I think Jessie J was right "it's all about the money".

      As you sit in the gardens of your millionaire houses, give a thought to people like me in a one bedroom flat living off disability allowance. Without us you wouldn't be so wealthy.

      When I go to bed tonight (you will fast asleep in your four poster bed in a onesie supplied by Biogen) worrying about the future, I get comfort from the following: it's easier for a camel to pass through the eye of a needle than for a rich an to enter the kingdom of heaven.

      Gordon Gekho, Bernie Madoff, Asil Nadir….. Prof G, Prof Mouse

    • The good news is that the NHS breaks-up you will be able to establish third party providers to sell back different services including R&D to the NHS. A free market shake-up for the NHS is on the cards. There would be no reason to let the NHS, or the University, to take money for consultancies, etc. You could put all the money through a company. Thought of that? It would also provide a vehicle for paying less tax; this is the vehicle Red Ken (Livingstone) used.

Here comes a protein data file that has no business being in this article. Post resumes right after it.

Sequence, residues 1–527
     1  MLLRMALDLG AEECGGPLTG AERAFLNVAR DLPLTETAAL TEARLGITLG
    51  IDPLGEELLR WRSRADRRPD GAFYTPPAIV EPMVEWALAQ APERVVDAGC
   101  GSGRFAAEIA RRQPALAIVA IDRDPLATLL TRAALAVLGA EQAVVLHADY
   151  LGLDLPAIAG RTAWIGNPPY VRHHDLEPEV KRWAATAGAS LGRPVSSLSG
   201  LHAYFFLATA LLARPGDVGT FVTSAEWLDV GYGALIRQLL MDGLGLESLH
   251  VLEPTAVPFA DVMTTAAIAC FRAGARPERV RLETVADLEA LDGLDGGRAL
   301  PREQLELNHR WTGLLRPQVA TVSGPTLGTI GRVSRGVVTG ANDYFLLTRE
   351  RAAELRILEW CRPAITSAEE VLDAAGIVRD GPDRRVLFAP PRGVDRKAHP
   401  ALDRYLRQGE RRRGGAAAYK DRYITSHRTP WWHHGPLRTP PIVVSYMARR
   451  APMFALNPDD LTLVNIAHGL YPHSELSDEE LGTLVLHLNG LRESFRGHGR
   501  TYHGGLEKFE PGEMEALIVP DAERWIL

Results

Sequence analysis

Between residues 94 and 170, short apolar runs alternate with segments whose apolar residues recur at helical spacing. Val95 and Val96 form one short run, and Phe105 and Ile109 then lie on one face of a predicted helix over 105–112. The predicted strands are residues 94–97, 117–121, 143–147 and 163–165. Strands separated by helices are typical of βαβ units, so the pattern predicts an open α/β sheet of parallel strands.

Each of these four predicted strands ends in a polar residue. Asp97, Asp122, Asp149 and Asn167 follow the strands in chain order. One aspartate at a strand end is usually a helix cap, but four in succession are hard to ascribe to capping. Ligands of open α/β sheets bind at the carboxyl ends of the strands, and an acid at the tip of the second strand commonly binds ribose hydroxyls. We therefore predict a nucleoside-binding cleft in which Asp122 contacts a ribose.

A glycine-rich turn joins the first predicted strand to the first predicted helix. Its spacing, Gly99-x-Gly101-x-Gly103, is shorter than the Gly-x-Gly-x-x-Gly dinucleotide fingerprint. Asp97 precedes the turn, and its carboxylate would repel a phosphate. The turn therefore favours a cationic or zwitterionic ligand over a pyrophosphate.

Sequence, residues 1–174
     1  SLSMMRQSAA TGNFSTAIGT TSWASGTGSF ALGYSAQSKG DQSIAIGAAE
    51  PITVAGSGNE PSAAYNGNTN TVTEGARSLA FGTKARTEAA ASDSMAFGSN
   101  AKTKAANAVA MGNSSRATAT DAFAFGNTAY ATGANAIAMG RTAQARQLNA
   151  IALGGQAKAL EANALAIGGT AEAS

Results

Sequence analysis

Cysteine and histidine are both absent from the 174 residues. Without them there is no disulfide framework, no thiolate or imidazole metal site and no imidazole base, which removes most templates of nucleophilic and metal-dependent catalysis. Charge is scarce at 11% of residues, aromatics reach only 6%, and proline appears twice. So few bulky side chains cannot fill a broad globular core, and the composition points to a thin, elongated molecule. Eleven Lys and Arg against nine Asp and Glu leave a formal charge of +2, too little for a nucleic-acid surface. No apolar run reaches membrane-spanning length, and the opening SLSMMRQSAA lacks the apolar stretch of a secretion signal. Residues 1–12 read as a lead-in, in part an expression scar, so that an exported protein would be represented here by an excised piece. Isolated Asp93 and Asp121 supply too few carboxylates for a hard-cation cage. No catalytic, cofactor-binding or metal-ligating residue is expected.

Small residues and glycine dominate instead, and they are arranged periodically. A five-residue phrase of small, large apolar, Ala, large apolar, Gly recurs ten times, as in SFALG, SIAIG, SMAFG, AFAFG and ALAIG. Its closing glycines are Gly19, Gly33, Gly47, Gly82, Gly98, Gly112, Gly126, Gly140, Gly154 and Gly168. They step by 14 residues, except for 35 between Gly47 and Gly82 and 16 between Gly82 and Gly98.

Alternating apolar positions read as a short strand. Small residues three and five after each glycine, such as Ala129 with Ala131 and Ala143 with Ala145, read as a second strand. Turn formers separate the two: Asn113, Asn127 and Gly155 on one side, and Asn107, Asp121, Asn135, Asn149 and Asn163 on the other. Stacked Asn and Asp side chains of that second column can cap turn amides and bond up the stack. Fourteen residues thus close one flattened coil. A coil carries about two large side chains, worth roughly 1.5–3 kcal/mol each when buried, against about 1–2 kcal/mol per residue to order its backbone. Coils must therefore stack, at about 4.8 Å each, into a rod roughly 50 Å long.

• Gordon Gekko is a fictional character, the main antagonist of the 1987 film Wall Street and the anti-hero of its 2010 sequel Wall Street: Money Never Sleeps,both directed by Oliver Stone. Gekko was portrayed by actor Michael Douglas,

      Gekko is claimed to be based loosely on several actual stockbrokers, including Stone's own father Louis Stone.

      According to Edward R. Pressman, producer of the film, "Originally, there was no one individual who Gekko was modeled on," he adds. "But Gekko was partly Milken", who was the "Junk Bond King" of the 1980s, and indicted on 98 counts of racketeering and fraud in 1989.